Imagine if the Anglican Church of Canada and the Episcopal Church were to catch the spirit of this document. Two declining denominations would be well positioned to follow their African and Asian counterparts into spectacular growth. Rather than making themselves redundant by reflecting the agenda and priorities of the surrounding culture, they would offer the gospel to a sinful world in need of its life-giving and transforming message. May God grant it!

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    18 August 2008

    Sermon posted

    For those unable to make yesterday's worship service at St. John's, I have posted my sermon here: Joseph forgives his brothers.

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    15 August 2008

    Have Democrats softened on abortion?

    Back in the 1980s many of us had good reason to think that the Reaganite Republican Party was co-opting evangelicals and Catholics by giving lip service to the pro-life position. A quarter-century later, are Jim Wallis, Tony Campolo and others being used by the Democrats to bring evangelicals on side? Wallis waxes enthusiastic about the party's supposedly changed platform during this election year: A Step Forward on Abortion. But pro-choice Judith Warner is unpersuaded: Walking the Abortion Plank.

    At least the Republicans gave lip service; the Democrats have thrown not even so much as a few crumbs at pro-lifers. Then again, I suppose we have to remind ourselves that Wallis himself, despite his claimed consistent life ethic, is ultimately pro-choice.

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    13 August 2008

    God and caesar

    Robert Kraynak celebrates the life of a great man: Solzhenitsyn and the Battle for the Human Soul. However, in the course of his eulogy, he manages to misinterpret a key gospel teaching (Matthew 22:15-22, Mark 12:13-17 and Luke 20:20-26) concerning the place of government in God's world:

    If we listen carefully to [Solzhenitsyn's] statements, they are based on the Gospel’s distinction between God’s realm and Caesar’s realm and the insistence that each realm has its proper role. Surprisingly, Solzhenitsyn uses the distinction of two realms in order to lower people’s expectations about the role of the state (Caesar’s realm) in people’s lives and to allow the higher, spiritual realm of God and the soul to flourish in conditions of political freedom.

    Although there is no doubt that the commands of God and the demands of human beings come into conflict in the real world (Acts 4:19; 5:29), Jesus could hardly have intended to imply that God and caesar possess two distinct and parallel realms, each with its proper role, since that would contradict the universal sovereignty of God. In fact, the realm of government also belongs to God, as affirmed dramatically in Psalm 82. Leon Morris has it right: "The obligation to God covers all of life; we must serve Caesar in a way that is honoring to God."

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    11 August 2008

    A real Ring of Gyges?

    Think of the temptations ordinary people would face if this technology got into their hands: Scientists closer to developing invisibility cloak.

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    10 August 2008

    Joseph forgives his brothers

    Next sunday, 17 August, at 10 am, I will be preaching at the Church of St. John the Evangelist at the corner of Locke and Charlton here in Hamilton. The lesson is Genesis 45:1-15, and the title is "Joseph forgives his brothers." All are welcome.

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    06 August 2008

    Did you know. . .

    . . . that the St. Charles Air Line is not an airline at all but a very short railway?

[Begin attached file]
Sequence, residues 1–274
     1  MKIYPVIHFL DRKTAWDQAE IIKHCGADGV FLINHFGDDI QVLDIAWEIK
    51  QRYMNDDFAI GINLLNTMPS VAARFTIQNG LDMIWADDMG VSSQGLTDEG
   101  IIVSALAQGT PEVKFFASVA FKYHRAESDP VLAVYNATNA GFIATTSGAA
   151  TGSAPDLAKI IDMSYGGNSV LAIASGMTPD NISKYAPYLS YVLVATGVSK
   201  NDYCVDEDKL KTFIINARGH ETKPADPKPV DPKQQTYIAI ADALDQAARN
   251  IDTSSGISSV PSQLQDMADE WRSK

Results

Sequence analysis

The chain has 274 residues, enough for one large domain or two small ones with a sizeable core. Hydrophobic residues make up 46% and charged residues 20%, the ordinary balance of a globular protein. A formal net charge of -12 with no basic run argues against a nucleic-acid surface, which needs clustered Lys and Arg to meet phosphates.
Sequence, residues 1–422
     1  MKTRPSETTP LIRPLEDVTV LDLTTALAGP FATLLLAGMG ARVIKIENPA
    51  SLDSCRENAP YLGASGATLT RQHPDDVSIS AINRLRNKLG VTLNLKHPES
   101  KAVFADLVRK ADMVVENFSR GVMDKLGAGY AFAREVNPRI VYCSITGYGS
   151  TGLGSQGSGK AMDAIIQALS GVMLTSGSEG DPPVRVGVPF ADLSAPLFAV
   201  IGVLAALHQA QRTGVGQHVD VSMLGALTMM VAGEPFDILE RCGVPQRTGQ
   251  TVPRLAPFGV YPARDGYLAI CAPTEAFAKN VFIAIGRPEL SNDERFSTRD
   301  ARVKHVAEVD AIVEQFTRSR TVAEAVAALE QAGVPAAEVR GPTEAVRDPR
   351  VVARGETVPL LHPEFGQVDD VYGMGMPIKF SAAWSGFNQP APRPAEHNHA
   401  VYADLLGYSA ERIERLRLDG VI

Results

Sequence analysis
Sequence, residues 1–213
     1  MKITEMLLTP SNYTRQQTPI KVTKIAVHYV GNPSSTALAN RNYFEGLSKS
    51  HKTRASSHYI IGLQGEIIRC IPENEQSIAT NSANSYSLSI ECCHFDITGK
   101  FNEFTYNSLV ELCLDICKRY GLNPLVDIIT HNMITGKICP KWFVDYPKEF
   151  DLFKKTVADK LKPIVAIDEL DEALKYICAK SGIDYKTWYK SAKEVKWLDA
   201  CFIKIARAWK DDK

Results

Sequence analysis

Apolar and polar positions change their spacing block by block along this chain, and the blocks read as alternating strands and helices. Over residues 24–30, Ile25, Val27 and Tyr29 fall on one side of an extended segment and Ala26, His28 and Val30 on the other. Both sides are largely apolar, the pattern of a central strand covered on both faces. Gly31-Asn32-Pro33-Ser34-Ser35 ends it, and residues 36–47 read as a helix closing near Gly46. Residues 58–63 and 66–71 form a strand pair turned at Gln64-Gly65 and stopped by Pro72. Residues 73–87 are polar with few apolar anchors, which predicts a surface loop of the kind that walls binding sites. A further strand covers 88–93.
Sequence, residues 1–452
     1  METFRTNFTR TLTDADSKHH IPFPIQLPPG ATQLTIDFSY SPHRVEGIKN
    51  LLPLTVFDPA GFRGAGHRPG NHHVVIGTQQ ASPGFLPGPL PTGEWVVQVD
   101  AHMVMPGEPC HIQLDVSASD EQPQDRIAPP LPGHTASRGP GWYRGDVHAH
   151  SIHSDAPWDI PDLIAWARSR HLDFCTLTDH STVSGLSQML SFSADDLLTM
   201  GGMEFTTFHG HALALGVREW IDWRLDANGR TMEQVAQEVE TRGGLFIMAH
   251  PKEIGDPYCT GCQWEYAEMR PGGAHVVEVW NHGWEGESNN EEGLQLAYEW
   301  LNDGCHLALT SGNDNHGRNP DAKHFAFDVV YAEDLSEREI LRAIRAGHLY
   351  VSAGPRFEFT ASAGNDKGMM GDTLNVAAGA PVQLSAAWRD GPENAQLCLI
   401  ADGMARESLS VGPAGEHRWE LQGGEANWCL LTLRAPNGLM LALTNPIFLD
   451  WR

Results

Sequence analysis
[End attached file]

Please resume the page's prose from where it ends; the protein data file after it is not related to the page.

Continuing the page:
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    04 August 2008


    Aleksandr Solzhenitsyn (1918-2008)

    Famed Russian novellist Aleksandr Solzhenitsyn has died at the age of 89. He is widely regarded as the worthy successor to such 19th-century literary greats as Leo Tolstoy and Fyodor Dostoevsky. Together they carried on a long Russian tradition of men of letters serving as loyal opposition in a polity characterized by autocracy and totalitarianism. Tsar Nicholas I is said to have at once admired and feared the poet Aleksandr Pushkin. Similarly, the Soviet-era leaders so feared Solzhenitsyn that they attempted to suppress his output and exiled him for 20 years.

    His output was prolific, beginning with his groundbreaking novel, One Day in the Life of Ivan Denisovich, which chronicles a single day in the life of an inmate in one of Stalin's forced labour camps. This work alone ranks with the likes of The Brothers Karamazov and Crime and Punishment as a significant exemplar of the Russian literary tradition.

    I myself have been fascinated by Solzhenitsyn's political tracts, beginning with his 1973 Letter to the Soviet Leaders, through his controversial 1978 Harvard address to his 1990 Rebuilding Russia. In the second work he was sharply critical of western decadence and alienated many in the media who had once lionized him. In the first and third works, he sounded themes that would seem prophetic in retrospect: 1) Russia should discard the discredited Marxist-Leninist ideology that had done so much harm to the country; 2) Russia should cast off the nonslavic republics and allow them to go their own way; 3) it should focus on settling and developing the north and east rather than engaging in overseas adventurism; and 4) it must at all costs avoid a war with China, which cannot be won.

    Despite or perhaps because of his experience living under an atheistic régime, Solzhenitsyn became a Christian during his time in the Gulag. Having seen for himself the consequences of pursuing a political illusion on a mass scale, he embraced faith in Jesus Christ as the only hope for Russia's future. Solzhenitsyn returned to his homeland in 1994 and lived there for the remainder of his life. Although he could with some justification be called a Russian nationalist and thus focussed most of his attention on his own country, he was capable of seeing through our own political illusions as well: "The West has finally achieved the rights of man, and even to excess, but man's sense of responsibility to God and society has grown dimmer and dimmer." May Solzhenitsyn's words continue to speak to us in a new century.